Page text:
Could Bowe Bergdahl Go To Prison If Convicted For Desertion?

For abandoning his post in June 2009, U.S. Army Sgt. Bowe Bergdahl has been charged with desertion and avoiding military service. Bergdahl reportedly left a remote outpost in Afghanistan, where he was captured by the Taliban. He spent the next five years as the Taliban's prisoner, until the Obama administration made a deal for his release in return for the exchange of five Taliban commanders who were at Guantanamo Bay. But if he's convicted for desertion, what will happen to Bergdahl?

Along with the charges of desertion, Bergdahl also faces a charge of "misbehavior before the enemy," the Associated Press reports. But there are various levels of desertion charges, and the Army must be able to prove that Bergdahl left his post with no intention of coming back before he was captured.

Details of whether Bergdahl will actually face time in prison will come later. The investigation into the desertion charges was launched last June. The two charges he faces are Articles 85 and 99, and, according to The Washington Post, Article 85's maximum sentence is the death penalty. Now, it's worth noting that it's extremely unlikely that Bergdahl will come even close to that sentence. The last time someone received the death penalty under Article 85 was in 1944. And remember, there are varying degrees of desertion charges, and it's not yet clear which degree Bergdahl is looking at, as his reasoning for leaving his post is yet unclear.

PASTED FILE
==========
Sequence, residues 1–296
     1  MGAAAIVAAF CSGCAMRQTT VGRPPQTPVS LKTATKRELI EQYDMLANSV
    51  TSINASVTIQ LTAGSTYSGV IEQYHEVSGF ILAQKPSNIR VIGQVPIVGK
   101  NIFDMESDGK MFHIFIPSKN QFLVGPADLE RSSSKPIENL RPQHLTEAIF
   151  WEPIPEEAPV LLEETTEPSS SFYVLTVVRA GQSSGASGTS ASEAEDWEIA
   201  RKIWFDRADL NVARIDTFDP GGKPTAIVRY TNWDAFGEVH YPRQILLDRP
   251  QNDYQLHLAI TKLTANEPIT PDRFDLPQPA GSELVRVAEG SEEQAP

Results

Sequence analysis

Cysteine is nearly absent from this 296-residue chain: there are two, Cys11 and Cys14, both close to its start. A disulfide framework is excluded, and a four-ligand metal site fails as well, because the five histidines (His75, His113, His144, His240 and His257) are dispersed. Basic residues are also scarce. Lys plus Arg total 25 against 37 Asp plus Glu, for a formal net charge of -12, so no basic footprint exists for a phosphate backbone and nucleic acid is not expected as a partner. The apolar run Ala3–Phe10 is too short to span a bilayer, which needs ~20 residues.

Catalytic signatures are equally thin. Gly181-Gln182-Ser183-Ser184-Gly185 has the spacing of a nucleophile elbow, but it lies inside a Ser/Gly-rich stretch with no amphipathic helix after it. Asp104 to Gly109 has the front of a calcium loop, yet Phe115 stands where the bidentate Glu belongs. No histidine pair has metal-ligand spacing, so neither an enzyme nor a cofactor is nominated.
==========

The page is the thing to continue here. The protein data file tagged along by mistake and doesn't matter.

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NBC News reported in January that Bergdahl will likely receive a lesser charge of desertion that's described as leaving to "avoid duty or shirk an important assignment," according to the Uniform Code of Military Justice. This charge has a maximum of five years in prison. But, sources told NBC News earlier this year that because Bergdahl was in captivity with the Taliban for five years until May 2014, the Army might consider crediting those years to him.

And defense officials say there's little desire to see Bergdahl go to prison if he's court-martialed and convicted, The New York Times reports. The only critics who want to see him punished are those who believe Bergdahl purposely left the post, which then put people assigned to look for him in danger. Some military officials say there were six soldiers who died while searching for him, though whether or not it's exactly true that they died while specifically looking for Bergdahl has been debated.

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